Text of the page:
Hauling Like A Brooligan

Stephen Gallagher

Doctor Who: From The Wilderness Years

I’ve been archiving some old files and I came across this piece, written as the preface to a charity anthology called Walking in Eternity in 2001. Doctor Who had been cancelled 12 years before, the Russell T Davis revival wasn’t even on the horizon, and… well, read on.

I suppose now that we’re firmly into the new millennium, it’s safe to say that Doctor Who‘s niche in twentieth-century culture is an unassailable one. Would-be television landmarks have fanfared and faded (The Borgias, anyone? No? How about The Cleopatras?) but it’s the geeky, underfunded kids’ show—our geeky kids’ show, and by God we’re proud of it—that has seen them all off.

To put it simply, Doctor Who has captured a piece of the global zeitgeist like no other British show that I can think of. It’s like the Land Rover of popular culture—original, well-loved, unpretentious, inexpensive, durable, everywhere.

Oh, yes. Everywhere. Those of us who’ve worked on it over the years can testify to that. Twenty years on and the royalty cheques keep coming; they may be modest (I’ve had repeat fees for Warriors’ Gate that wouldn’t buy me a sandwich) but, like even the faintest of pulses, they’re solid proof of life. Somewhere in the world, Doctor Who is always on. And even where it isn’t on, it’s being discussed, rewatched, published about, imitated, satirised, analysed, argued over… and then before too long, it’s on again.

It’s the show that just won’t die. Least enthusiastic celebrants of the fact seem to be its makers, the BBC, whom one might suspect of quietly trying to kick the plug out of the wall every now and again in the hope of inducing its demise. The corporate culture may find this an embarrassment, but whether the Corporation likes it or not, Doctor Who is BBC Television’s one serious contender for a world-class brand.

Not that you’d know it. If Doctor Who was American, it would run for six months out of every year and we’d have seen eight or nine A-movie theatrical features from it by now. Various companions would come and go in their own short-lived spinoff series, and all of its writers would have executive producer status and be millionaires (just a little personal reverie, there).

But of course it’s British, so it’s off the air.

Even though it’s always good for a Radio Times Special there’s a persistence in belittling it, with jokes about wobbly sets and variable production values. It’s like it’s some home-made product whose charm all resides in the fact that we knitted it ourselves, and that we daren’t take too seriously for fear of showing ourselves up. All right, so it cost nothing to make and the monsters were always crap. But that’s all part of its charm. That’s why we love it, don’t we?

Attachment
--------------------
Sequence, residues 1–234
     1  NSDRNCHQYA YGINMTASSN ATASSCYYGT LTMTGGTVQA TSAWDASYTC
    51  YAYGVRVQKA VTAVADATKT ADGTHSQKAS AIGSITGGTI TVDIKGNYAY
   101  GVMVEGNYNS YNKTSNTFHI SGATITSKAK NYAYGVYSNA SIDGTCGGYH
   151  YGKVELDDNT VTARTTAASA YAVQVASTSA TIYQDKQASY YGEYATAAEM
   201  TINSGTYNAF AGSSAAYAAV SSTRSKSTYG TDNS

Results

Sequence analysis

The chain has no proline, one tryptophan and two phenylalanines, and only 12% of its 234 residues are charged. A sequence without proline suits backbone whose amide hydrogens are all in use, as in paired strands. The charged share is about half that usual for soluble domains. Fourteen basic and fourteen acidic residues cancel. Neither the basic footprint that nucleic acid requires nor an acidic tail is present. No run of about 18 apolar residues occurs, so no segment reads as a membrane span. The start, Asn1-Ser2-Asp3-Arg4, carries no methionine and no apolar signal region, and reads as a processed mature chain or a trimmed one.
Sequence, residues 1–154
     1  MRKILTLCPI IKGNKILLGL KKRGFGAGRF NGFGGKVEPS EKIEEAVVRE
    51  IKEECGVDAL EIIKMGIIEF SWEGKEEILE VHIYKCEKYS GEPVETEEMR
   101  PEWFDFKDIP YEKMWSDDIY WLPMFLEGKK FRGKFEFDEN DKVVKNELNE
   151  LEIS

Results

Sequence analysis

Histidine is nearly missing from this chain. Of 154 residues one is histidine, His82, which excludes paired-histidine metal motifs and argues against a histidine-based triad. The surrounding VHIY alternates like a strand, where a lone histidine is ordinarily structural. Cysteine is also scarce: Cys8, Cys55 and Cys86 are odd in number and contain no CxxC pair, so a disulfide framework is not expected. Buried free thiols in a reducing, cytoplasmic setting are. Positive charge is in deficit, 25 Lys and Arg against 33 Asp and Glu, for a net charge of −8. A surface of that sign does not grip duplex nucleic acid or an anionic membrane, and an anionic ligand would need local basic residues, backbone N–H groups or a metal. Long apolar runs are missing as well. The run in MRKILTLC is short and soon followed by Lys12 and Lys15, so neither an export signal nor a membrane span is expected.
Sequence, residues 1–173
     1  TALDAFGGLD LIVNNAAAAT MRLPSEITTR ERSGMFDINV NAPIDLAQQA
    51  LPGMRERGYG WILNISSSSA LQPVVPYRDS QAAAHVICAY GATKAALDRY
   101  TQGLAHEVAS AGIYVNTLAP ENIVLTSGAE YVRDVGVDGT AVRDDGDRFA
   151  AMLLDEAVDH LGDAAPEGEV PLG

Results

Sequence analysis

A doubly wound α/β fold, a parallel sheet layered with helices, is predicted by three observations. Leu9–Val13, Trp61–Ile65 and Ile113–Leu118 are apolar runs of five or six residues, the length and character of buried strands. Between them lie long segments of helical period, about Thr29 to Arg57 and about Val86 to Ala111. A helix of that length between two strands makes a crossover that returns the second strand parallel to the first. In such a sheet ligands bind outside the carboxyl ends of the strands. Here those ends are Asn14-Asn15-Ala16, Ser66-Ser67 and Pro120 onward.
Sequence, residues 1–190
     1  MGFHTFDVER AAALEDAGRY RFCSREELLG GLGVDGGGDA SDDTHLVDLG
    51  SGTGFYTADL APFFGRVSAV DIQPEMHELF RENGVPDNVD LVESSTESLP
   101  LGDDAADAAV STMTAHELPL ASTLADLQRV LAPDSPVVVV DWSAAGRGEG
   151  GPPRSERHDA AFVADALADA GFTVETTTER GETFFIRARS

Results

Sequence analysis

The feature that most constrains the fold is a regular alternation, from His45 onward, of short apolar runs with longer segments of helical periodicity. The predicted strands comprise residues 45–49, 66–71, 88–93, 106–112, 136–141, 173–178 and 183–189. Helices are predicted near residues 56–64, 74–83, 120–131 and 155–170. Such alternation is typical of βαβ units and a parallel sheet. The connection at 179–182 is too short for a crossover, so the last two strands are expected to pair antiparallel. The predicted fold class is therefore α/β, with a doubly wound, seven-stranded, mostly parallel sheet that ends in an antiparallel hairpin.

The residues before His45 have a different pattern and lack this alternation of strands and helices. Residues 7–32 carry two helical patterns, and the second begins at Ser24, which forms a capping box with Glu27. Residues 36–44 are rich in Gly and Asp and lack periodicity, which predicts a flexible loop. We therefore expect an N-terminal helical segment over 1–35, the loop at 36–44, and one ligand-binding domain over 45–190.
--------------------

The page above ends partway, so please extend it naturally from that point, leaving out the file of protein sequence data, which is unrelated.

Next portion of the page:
Well, no. Nobody has ever loved Doctor Who for its shortcomings. Millions have loved it in spite of them.

There is a world of difference.

The show has something that no amount of hype, merchandising, cross-promotion, or focus-group analysis will ever bring you. It has mojo. By which I mean it has a vital quality that will always draw people to it but which you’ll never pin down. It has a life of its own. Suppress the spirit of it in one place, and it’ll pop up in another form somewhere else. Why? Because people want it to. It’s as simple as that. It’s like a popular tune. Ban it from the radio, and you’ll hear it whistled on the streets.

At least once, sometimes twice a year for the past decade or more, I’ve been approached and asked if I’d be interested in the thought of scripting a Who movie. Never by the BBC itself, but by independent producers, would-be producers or small groups of serious fans. Usually they have it on good authority that the BBC is open to collaboration with someone who can come up with the right package. I’m sure all the other ex-Who writers get the same kind of thing.

It never happens. Any more than the big feature films that are always on the brink of going into production (where the Doctor’s been cast and it’s Donald Sutherland… or it’s a woman… or Tom Baker’s coming back… or it’s Lenny Henry…) And why do none of these initiatives ever come to anything? I can’t tell you. I’m not the one to ask.

All I do know is this. Doctor Who is a durable cultural artefact with its own life, breath, and momentum. 

The evidence is before you.

Stephen Gallagher May 17 2001